How changes in control of the cell cycle contribute to cancer development
Cancer is a multifarious disease, with a common feature that most tumours harbour one or more genetic mutations that allow them to advance outside their normal growth restraints. This proliferation is normally harnessed by the control of the cell division cycle, which in turn, is majorly regulated by the cyclin dependent kinases (Cdks) family of serine/threonine kinases and their regulatory partners, the cyclins (Errico, et al. , 2009).
In this essay, the roles of Cdks, cyclin complexes, regulatory proteins and other cell-cycle regulatory processes will be underlined, followed by an analysis of the genetic lesions in these regulators which may contribute to tumorigenesis. Fundamentally, cancer, or a neoplasm is a disease where cellular proliferation is no longer under normal growth control. The growth of this clone of cells exceeds, and is uncoordinated with that of normal surrounding tissues (NHS, 2009).
Ultimately, this deregulation of growth and division of the cancer cells disrupts and interferes with the normal functioning of the body, either at its origin or through spreading to another location, eventually resulting in the potential death of the sufferer if left untreated. Other complex characteristics include the ability of the cancer cells to induce vascularisation of the tumour in order to receive oxygen and nutrients (angiogenesis), thus sustaining their survival.
They can also disperse from the site of origin and travel to distant parts of the body by metastasis and also display the ability to suppress programmed cell death (apoptosis) (Okudela, et al, 2009) Such atypical proficiencies are also detailed further in this essay. To appreciate both the phenomenon and capacity for a cell to develop into a cancerous cell, it is pivotal to understand the concept of cell proliferation and how it is controlled. Populations of cells in complex organisms, such as humans, undergo replacement and turnover of their macromolecular compounds.
This is known as cell renewal. Exceptional to this are cardiac muscle and many nerve cells, which are mitotically inactive, but even such differentiated cells replenish their molecules and structures under the influence of appropriate stimuli (Avers, 1986). At the core of cellular proliferation is the cell division cycle, the process by which a cell grows, replicates its DNA and then divides to produce two genetically identical daughter cells. This intricate process is divided into four sequential phases, as depicted by the diagram below (Figure 1:1).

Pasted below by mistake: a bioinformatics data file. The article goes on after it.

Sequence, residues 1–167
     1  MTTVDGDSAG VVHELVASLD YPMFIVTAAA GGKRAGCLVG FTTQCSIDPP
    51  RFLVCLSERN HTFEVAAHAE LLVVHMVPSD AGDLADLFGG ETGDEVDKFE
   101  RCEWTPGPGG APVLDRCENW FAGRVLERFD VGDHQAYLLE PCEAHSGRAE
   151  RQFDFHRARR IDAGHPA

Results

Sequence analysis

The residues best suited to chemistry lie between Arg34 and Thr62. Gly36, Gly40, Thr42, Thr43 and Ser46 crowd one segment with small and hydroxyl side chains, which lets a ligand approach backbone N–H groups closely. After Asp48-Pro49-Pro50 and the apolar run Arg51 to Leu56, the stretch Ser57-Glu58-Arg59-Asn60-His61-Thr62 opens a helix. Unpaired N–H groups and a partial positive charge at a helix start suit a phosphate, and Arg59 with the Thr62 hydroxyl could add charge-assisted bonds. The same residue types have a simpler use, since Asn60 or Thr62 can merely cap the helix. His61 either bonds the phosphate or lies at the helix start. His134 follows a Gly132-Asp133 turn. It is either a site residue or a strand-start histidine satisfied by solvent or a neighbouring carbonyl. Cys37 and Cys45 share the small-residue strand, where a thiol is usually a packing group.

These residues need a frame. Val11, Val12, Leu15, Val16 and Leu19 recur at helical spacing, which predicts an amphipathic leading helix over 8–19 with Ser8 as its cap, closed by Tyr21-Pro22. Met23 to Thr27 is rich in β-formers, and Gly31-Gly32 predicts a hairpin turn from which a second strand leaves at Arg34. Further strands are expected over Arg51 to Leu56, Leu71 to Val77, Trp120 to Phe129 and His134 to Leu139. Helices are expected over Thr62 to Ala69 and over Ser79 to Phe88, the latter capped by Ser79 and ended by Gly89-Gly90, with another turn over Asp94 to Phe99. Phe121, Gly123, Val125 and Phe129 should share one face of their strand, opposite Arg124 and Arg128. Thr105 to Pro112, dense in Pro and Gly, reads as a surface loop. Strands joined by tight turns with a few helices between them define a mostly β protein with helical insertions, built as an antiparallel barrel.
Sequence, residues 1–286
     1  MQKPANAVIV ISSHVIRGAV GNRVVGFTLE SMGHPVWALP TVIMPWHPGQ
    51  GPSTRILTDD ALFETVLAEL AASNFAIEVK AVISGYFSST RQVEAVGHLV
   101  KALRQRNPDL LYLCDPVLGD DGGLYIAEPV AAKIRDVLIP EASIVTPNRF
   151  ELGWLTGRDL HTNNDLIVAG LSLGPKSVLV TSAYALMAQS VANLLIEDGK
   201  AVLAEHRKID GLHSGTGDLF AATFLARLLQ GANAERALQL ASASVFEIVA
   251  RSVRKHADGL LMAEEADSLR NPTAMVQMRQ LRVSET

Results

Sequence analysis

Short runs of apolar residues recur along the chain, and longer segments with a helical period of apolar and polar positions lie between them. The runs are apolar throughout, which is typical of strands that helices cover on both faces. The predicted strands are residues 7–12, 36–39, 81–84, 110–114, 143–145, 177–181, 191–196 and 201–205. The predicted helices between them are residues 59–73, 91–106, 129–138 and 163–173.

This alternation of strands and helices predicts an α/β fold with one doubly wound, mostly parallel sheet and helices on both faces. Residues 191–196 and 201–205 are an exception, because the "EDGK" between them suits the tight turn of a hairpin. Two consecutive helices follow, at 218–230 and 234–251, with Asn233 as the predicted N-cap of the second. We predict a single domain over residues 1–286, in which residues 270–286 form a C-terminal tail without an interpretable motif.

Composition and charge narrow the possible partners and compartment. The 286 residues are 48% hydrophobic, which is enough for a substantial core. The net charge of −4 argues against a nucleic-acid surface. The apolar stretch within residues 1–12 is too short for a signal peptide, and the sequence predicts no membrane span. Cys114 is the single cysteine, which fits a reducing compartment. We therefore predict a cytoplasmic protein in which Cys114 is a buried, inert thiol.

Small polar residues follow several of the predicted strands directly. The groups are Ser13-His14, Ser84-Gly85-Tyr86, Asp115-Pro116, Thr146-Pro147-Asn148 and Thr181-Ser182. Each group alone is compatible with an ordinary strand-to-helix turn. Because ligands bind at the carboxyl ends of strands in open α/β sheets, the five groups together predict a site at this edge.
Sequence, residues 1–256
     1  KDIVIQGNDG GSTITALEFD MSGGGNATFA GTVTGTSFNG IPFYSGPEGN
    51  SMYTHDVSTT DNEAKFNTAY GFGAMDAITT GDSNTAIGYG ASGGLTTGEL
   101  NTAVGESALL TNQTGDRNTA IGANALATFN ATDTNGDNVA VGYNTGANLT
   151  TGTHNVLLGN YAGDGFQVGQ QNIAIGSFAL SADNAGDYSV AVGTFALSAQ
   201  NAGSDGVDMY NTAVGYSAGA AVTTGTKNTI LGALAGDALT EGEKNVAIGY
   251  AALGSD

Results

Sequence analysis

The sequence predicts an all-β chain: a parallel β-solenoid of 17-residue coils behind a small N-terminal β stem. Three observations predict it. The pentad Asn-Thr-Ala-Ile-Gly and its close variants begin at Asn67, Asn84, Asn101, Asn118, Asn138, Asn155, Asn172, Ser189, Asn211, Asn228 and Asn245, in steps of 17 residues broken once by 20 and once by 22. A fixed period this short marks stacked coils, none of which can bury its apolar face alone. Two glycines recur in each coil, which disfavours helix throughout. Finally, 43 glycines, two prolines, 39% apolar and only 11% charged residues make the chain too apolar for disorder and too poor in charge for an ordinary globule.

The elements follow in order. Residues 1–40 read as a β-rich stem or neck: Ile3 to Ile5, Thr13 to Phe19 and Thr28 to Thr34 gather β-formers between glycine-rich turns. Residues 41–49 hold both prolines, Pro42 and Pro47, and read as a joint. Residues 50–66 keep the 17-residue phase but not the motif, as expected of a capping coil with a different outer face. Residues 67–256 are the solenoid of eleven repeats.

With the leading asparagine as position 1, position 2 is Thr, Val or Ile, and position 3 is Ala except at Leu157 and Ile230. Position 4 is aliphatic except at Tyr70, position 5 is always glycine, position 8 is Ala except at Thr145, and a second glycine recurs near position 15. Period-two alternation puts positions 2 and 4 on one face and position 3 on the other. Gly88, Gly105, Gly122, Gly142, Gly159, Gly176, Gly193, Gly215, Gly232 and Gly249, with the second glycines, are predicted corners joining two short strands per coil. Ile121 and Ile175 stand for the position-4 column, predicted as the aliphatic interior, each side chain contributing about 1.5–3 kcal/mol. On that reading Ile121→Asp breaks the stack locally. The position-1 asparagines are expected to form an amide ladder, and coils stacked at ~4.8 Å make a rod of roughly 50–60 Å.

Figure 1:1 The Cell Cycle, representing the critical G1, S, G2 and M phases The M phase is devoted to mitosis, and the G1, S, and G2 phases constitute the biosynthetically active time of interphase. DNA replication takes place during S phase, and it is separated from mitosis by the pre-replication G1 phase and the post-replication premitotic G2 phase, or time gaps (Lodish, et al. , 2000). Cellular activities occurring during mitosis, which includes prophase, prometaphase, metaphase, anaphase, telophase and cytokinesis are outlined in Appendix 1:1.
The proportion of a cell cycle occupied by each phase varies, but the mitotic phase is usually brief. The G1 phase is the most variable in duration in different kinds of cells; it may even be lacking in some cell cycles. The two most important of these are the S phase and mitosis (M), the key concept of the cell cycle is that S phase must always follow M phase and that M phase must not commence until S phase has been completed.
Underlining that DNA replication must not commence until mitosis is complete, ensuring that the integrity of the genome is maintained. Additionally, there is a fifth state, the G0 (known as quiescence) into which the cell may reversibly exit from G1, if it is deprived of the appropriate and correct growth-promoting signals (Cell Cycle Research, 2007). The movement through each phase of the cell cycle and transition from one phase to the next is controlled at a number of positions within the cell division cycle known as checkpoints.
Checkpoints are intricate sensor mechanisms within the cell which monitor the cellular environment and determine whether appropriate conditions have been fulfilled before it progresses further through the cell division cycle (Beck, et al. , 2009). Ergo a major function of these checkpoints is to oversee that the integrity of the genome remains intact throughout the cell cycle. This assures that cellular growth and the coordination of DNA synthesis with cell-size increase and cytokinesis are monitored and do not fall out of regulated synchrony (Lodish, et al. 2000). Each checkpoint is made up of three critical components. Firstly is a sensor mechanism that detects abnormal or incomplete cell cycle events such as DNA damage. Following is the signal transduction pathway, which carries the signal from the sensor to the third component, the effector that can invoke a cell cycle arrest until the problem has been resolved (WormBook, 2007). The major cell cycle checkpoints are depicted in Figure 1:2 below: The first checkpoint occurs at the G1/S phase transition and is a major sensor of DNA damage.
The cell may also arrest later in S phase due to incomplete DNA replication or again, damage to the DNA. Next is the G2/M checkpoint, which monitors the conformity of DNA replication and like the G1/S checkpoint is an important sensor of DNA damage. This is followed by the spindle checkpoint, which is invoked during mitosis if a functional mitotic spindle has not been formed appropriately (McKinnell, et al. , 2006). To highlight also, there is the restriction point (R) which occurs between mid and late G1 phase.